It is likely that in the past those with relatively mild Asperger syndrome have been educated in
mainstream schools and the condition has not been recognised. Essentially they would have been
loners, easily bullied because they would have been perceived as being 'odd' by their fellows. They
may have taken refuge in their particular interest or obsession and built up an expertise which,
eventually, would have been acknowledged by their peers, perhaps gaining them the nickname of
'professor'. Indeed it is postulated that some single-minded academics may have a mild degree of
the condition. Today those with a mild form of the condition in mainstream schools are being
identified and given appropriate support and increasingly they are being entered for external
examinations.
Those with more marked symptoms find it difficult to cope in mainstream classes even when given
support, and behavioural problems can isolate them further from their fellow pupils. There is some
special provision specifically for those with Asperger syndrome where the education concentrates on
improving communication and behaviour. This has to take precedence over subject learning and
hence few reach GCSE level at the normal time. Some, however, do so in further education.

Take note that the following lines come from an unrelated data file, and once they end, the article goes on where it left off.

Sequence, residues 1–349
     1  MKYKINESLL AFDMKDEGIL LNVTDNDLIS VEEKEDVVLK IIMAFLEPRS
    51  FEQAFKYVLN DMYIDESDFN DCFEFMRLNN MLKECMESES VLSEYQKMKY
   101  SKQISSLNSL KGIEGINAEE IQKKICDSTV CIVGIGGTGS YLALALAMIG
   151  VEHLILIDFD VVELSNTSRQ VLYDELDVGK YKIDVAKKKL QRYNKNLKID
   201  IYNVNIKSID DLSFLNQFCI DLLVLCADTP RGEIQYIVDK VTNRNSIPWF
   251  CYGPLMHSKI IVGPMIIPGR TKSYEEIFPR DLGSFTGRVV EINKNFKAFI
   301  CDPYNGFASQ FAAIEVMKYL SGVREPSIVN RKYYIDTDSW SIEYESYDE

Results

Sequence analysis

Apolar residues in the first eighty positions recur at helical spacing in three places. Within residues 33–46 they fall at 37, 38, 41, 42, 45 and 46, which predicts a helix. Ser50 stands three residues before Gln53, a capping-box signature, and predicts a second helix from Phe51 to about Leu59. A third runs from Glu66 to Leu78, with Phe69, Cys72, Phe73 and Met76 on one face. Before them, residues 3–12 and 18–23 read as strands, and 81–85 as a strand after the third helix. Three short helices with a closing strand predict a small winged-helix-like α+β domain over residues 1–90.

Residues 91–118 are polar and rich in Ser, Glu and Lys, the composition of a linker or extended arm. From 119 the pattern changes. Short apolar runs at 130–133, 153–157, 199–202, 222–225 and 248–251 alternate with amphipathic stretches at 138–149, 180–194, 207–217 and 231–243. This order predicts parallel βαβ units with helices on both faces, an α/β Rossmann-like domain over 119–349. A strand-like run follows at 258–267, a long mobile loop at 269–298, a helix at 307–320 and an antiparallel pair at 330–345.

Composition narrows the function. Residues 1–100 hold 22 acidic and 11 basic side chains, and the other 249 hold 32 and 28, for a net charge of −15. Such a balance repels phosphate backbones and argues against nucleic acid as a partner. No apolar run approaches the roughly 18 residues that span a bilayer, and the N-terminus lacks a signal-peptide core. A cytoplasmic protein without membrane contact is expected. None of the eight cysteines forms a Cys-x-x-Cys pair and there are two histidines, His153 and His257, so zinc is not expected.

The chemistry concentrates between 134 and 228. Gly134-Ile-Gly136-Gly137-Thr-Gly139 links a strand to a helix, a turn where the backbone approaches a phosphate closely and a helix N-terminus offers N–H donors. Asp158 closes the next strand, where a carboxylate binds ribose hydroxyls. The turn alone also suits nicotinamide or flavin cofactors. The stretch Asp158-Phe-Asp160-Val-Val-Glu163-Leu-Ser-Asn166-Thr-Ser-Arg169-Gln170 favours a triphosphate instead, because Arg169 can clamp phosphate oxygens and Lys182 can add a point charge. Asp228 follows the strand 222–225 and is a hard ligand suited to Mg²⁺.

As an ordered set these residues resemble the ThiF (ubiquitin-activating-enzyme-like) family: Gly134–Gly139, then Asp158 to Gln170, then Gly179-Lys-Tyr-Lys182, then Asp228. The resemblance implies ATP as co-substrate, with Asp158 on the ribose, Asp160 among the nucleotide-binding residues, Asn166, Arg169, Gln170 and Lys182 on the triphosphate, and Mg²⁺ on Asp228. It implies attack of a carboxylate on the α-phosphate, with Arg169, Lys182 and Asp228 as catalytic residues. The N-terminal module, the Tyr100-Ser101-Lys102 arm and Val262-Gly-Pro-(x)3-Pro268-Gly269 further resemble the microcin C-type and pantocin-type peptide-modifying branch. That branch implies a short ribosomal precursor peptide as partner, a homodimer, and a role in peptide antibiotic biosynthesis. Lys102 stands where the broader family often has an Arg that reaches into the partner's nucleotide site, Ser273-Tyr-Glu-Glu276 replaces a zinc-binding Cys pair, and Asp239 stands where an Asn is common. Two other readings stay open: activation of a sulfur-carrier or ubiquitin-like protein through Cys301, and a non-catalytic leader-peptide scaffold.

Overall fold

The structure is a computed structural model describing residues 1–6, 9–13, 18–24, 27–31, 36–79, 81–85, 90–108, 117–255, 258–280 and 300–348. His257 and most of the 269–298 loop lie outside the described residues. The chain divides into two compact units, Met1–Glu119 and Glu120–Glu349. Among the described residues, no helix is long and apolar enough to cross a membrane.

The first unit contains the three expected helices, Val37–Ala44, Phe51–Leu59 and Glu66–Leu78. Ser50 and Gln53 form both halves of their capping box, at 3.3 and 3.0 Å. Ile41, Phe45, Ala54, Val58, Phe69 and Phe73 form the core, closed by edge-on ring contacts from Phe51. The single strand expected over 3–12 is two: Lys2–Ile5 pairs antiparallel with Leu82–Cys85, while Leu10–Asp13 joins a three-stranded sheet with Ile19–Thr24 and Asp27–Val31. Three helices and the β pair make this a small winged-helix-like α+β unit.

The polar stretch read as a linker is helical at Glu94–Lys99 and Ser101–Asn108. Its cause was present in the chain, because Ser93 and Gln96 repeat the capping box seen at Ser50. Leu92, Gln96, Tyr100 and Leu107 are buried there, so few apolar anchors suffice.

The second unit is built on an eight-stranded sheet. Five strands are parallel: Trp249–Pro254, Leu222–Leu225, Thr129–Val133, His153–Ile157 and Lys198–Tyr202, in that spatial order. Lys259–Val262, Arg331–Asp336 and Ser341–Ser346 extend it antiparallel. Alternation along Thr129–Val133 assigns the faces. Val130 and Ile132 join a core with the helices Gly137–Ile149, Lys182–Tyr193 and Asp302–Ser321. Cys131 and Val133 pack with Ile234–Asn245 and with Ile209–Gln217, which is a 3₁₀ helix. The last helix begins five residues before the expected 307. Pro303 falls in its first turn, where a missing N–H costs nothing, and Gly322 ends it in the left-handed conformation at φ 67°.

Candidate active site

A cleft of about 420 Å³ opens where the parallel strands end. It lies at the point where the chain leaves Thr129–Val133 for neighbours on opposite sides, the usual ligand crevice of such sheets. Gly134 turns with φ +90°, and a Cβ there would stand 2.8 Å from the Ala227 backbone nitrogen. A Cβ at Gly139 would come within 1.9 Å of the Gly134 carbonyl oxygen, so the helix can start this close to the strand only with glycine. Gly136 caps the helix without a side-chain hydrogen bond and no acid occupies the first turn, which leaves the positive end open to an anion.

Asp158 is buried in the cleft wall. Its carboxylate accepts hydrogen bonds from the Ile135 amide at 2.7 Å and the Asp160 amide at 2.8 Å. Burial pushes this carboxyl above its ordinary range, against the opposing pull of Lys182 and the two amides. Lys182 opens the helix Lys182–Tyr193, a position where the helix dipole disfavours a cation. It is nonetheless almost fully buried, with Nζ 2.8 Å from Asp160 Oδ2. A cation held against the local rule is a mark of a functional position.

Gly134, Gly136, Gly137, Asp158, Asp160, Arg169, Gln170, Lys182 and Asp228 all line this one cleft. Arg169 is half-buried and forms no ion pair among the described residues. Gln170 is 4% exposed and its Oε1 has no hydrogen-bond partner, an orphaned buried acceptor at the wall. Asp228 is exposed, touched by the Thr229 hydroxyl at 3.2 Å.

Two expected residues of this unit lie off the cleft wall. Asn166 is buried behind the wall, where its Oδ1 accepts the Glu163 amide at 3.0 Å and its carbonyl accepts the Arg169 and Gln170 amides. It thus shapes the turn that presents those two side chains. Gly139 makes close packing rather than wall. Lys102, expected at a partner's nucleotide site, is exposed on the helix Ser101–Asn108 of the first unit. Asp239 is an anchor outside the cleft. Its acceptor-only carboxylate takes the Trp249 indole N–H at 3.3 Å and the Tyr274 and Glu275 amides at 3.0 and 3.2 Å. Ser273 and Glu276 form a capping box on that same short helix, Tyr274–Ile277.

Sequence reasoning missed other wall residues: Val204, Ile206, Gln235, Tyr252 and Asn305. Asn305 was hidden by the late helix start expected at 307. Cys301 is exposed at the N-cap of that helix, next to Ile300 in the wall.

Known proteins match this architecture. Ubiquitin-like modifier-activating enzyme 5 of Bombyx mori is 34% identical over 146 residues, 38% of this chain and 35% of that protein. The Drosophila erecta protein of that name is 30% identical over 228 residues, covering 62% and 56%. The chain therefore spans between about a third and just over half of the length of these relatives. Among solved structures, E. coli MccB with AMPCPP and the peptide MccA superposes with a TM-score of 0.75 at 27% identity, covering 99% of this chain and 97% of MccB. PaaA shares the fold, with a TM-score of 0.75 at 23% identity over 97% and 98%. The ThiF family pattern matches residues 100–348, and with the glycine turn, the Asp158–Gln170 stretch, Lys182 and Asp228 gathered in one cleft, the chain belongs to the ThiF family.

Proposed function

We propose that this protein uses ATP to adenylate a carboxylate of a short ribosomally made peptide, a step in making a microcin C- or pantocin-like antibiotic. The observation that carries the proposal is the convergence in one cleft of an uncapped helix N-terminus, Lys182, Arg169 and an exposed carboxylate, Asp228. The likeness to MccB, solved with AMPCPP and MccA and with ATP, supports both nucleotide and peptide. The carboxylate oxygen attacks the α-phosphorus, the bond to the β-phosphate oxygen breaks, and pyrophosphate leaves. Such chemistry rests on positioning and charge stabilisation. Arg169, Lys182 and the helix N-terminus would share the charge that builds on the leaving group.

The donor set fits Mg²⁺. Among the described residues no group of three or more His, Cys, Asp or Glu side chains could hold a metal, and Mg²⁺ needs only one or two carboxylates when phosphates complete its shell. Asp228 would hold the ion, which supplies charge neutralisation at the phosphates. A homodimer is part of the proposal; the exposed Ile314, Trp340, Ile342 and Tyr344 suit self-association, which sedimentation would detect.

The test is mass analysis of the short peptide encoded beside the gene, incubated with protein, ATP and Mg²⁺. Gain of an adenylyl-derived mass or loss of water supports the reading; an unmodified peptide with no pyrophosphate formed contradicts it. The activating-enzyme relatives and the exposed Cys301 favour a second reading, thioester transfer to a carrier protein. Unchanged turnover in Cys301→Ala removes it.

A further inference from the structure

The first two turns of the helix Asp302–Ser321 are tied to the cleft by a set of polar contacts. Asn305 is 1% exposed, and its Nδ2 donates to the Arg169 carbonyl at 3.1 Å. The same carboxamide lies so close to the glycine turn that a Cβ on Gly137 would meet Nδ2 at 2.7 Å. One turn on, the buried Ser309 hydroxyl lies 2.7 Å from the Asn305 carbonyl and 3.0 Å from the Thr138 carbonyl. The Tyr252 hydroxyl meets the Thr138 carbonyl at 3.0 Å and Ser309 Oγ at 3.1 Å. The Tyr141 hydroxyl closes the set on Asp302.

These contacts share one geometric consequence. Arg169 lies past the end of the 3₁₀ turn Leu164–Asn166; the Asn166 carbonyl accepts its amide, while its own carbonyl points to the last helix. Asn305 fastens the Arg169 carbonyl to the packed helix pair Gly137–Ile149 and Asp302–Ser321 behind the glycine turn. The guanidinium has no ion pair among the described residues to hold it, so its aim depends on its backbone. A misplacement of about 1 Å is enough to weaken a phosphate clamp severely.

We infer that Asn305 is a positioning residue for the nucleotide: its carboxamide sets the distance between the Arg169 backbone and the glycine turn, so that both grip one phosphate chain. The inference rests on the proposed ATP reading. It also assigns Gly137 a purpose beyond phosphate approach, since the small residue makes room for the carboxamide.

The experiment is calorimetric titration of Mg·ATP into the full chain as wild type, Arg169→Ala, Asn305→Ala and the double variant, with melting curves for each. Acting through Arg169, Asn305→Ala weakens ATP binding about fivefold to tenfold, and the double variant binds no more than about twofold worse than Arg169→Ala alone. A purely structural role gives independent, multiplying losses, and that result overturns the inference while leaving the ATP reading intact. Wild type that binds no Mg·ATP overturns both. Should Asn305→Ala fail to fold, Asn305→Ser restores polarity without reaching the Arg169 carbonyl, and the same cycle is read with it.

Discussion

Those with marked academic ability and behavioural problems may be placed in a special school for
those with physical disabilities. This may seem a strange choice but small classes with extra support
and experience of uneven intellectual functioning can lead to a less stressful atmosphere which can
help some individuals to concentrate on academic work. Also they can receive therapy to improve
impaired motor skills.
The pupil with Asperger syndrome in the classroom
Social aspects
Pupils may fall anywhere in the continuum between 'withdrawn' and 'active but odd'. They want to
communicate with their peers but lack the ability to do so. They do not understand what people are
feeling or thinking and cannot empathise with them. When asked to imagine themselves in a
particular situation they experience great difficulty and cannot role-play. There is a lack of
understanding of body language and social conventions and they have great difficulty in making and
sustaining friendships. Because of this they miss out on many aspects of teenage culture and, for
example, may have no knowledge of 'pop' music, football, fashion etc. Therefore when such topics
are used to stimulate interest in examination questions they can be at a disadvantage.
They have no appreciation of personal space and get too close to people. This, combined with